HAHAHA!!! He's back again!! No, not me silly!! That crazy writer from the L.A.Times. This guy always kills me with his wit and wisdom....... OK, forget the wisdom part! But since I am not actually writing this, keep this in mind. I'm only 'borrowing'.... and I'm lazy today!!
Los Angeles Times
With Novemberfest now upon us, I'd like to remind you that you cannot bring food into our house without someone lunging for it: a sandwich, a blintz, a side of pork. What usually happens is you'll be sitting there reading the paper — contentedly mumbling to yourself the way semi-sane people do — and someone will stroll by and just take a huge bite of whatever you're eating.
Particularly vulnerable are the Bay Cities sandwiches (on Lincoln in Santa Monica). Los Angeles is not really a great sandwich town, so when the lovely and patient older daughter brings by a gloppy Bay Cities sub, it's like the first day of deer season in Duluth.
Seriously, I've seen fistfights.
With that warning in mind, we barrel head-on toward Thanksgiving, the gloppiest holiday of the year.
At our house, we celebrate the Armenian Thanksgiving, which comes a little later than the traditional Thanksgiving — 12 days or so — or maybe I'm thinking of Christmas. My wife dresses up as Cher for both occasions, which always throws people off. She also dresses like Cher for Mother's Day at church, which has doubled attendance among her fellow Presbyterians.
Cher and Cher alike, I always say.
In any case, it's a festive time, this Novemberfest. There are turkeys in the supermarket, and Armstrong Nursery already has trees strung with holiday lights. Thanks to all the rain, it's been a particularly lush fall — the hillsides poker-table green and the trees all ruddy in the cheeks.
Inspired by all of this, the little guy and I have been running through his lines for the Pilgrim pageant, which takes place soon. His teacher, Mrs. Norris, is considered sort of the Spielberg of second-grade plays. I wouldn't be surprised if she gets a deal with HBO soon, maybe to develop the next "Sopranos." The tag line: "The mob may be scary, but second grade is scarier."
So, anyway, everybody is expecting joy and insight from the second-grade Thanksgiving Pageant. It's our little suburb's version of a Lakers game.
This year's performance is titled "Popcorn! Popcorn! Popcorn!" You might guess that it involves popcorn, but there is so much more — allegory, deft characterization, subtext, surprise.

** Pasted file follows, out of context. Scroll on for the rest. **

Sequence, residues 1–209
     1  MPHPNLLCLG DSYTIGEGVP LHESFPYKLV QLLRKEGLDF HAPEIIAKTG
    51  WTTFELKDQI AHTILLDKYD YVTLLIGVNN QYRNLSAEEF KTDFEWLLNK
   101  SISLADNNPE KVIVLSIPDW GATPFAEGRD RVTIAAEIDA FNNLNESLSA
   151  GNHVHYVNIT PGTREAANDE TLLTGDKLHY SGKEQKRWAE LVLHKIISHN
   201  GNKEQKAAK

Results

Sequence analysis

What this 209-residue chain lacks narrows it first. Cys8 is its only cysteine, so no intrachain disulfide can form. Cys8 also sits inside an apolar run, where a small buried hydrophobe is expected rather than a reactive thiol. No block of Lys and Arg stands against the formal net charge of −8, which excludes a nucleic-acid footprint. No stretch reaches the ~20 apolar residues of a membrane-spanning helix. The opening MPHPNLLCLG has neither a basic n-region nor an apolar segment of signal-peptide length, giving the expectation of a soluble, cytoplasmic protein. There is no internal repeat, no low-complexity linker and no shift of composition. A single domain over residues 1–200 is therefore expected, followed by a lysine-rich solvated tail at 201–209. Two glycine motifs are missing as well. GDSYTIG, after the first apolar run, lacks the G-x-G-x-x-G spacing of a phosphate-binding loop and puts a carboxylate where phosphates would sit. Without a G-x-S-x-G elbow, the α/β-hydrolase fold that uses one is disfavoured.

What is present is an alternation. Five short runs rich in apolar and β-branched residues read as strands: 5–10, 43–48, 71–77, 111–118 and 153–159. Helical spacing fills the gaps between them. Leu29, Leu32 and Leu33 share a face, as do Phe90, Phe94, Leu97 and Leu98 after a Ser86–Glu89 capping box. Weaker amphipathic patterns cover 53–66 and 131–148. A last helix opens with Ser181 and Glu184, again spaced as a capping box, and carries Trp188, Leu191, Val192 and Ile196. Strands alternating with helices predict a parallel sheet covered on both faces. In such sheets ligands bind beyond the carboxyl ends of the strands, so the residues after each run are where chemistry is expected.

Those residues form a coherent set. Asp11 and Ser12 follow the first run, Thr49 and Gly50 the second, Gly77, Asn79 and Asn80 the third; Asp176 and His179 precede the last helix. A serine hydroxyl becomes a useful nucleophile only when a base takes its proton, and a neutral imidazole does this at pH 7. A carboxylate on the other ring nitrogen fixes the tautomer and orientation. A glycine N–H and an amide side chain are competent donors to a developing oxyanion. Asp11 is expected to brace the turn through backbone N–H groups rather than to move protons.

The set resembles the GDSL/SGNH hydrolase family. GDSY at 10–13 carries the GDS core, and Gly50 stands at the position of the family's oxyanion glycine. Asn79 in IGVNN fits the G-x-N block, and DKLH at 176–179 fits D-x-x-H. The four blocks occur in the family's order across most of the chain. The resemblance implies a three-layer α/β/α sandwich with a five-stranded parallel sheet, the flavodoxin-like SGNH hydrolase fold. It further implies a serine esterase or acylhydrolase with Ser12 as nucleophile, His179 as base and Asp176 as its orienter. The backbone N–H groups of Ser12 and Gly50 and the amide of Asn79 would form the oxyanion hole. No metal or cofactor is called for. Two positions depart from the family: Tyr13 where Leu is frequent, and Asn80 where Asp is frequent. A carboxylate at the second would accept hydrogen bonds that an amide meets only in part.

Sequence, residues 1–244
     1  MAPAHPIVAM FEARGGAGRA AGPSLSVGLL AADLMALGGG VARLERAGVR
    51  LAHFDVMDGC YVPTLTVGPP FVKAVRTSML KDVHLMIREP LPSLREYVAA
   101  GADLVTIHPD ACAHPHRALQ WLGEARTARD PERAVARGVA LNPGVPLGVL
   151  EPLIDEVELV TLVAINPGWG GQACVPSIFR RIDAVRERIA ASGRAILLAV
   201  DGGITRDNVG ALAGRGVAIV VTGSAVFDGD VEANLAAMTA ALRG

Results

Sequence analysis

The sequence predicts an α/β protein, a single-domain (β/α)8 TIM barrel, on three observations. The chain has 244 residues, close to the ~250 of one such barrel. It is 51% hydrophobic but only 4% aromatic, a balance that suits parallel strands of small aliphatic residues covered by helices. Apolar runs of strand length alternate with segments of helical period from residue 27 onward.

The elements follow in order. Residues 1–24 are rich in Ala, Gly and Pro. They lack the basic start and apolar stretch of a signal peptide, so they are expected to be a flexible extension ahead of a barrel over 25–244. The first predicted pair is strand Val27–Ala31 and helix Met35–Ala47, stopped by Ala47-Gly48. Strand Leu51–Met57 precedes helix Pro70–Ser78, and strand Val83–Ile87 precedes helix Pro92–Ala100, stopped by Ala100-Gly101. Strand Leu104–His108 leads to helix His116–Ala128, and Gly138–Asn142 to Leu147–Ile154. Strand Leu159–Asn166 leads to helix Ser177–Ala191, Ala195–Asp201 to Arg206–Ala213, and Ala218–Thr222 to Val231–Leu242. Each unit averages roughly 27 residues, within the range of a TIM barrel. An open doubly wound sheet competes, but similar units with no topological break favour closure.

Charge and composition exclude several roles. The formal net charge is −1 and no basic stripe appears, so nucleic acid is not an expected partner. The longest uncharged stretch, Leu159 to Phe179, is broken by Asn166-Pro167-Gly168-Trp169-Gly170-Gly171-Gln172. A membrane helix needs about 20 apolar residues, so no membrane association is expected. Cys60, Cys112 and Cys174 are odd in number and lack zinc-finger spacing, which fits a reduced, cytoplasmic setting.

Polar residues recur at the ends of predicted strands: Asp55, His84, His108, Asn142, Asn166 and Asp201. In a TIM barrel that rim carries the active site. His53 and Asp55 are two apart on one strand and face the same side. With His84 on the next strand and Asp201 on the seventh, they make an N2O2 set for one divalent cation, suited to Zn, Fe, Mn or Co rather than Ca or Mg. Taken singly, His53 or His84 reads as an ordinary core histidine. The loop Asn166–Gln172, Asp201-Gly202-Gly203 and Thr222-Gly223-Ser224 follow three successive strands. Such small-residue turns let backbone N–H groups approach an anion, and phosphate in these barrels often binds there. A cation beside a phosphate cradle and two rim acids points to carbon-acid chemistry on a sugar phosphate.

As I understand it, the play involves a bunch of Pilgrim kids going off to the multiplex, which gives them the opportunity to talk about popcorn.
"Mmmm! This popcorn is so tasty!" the little guy's character says. "It's crunchy and munchy too! And best of all, popcorn is good for you!"
You should hear the 7-year-old rehearsing the line. He's physical in that same way Brando was, tossing things and clenching his fists, and you're never quite sure what he's going to say next. Usually, it's "Um, Dad, I forgot the next line," at which point I remind him of his next line, and off he goes again.
At one point, the little guy has to say: "The Incas used popcorn for jewelry. Scientists found corn in a cave in New Mexico. The scientists think the corn is about 4,000 years old. Even the Indians who first saw Christopher Columbus ate popcorn."
I don't know how historically accurate this is, but I have often given popcorn as jewelry. My wife wears it with a little black dress on those nights when she really wants to feel good about herself and get people talking.
"Maybe you should try hanging a slice of salami from your ears," I've suggested in the past.
"That would be overkill," she sniffs.
What a prude.
Seriously, can you imagine going in for a little nuzzle and seeing a nice slice of Milanese salami dangling like an earring? Or maybe a nice Catalan fuet? I think I'm speaking for every husband when I say that women's fashion really should incorporate more junk food.
Ladies, dangle a nice cheese blintz around your neck, then see if your love life doesn't just take off.
After all, it's all about appearing good enough to eat, and who really has time for three meals a day anyway? At our house, we pretty much just chow down spontaneously on anything within range (see Bay Cities above).
In "Popcorn! Popcorn! Popcorn!" they don't really explore this food-as-fashion issue in as much depth as you'd like in a holiday classic. The play is more focused than that, which is why (I think) it might be up for a Pulitzer.
"Wow! Popcorn is so interesting," one of the kids says toward the end.
It really depends how you wear it.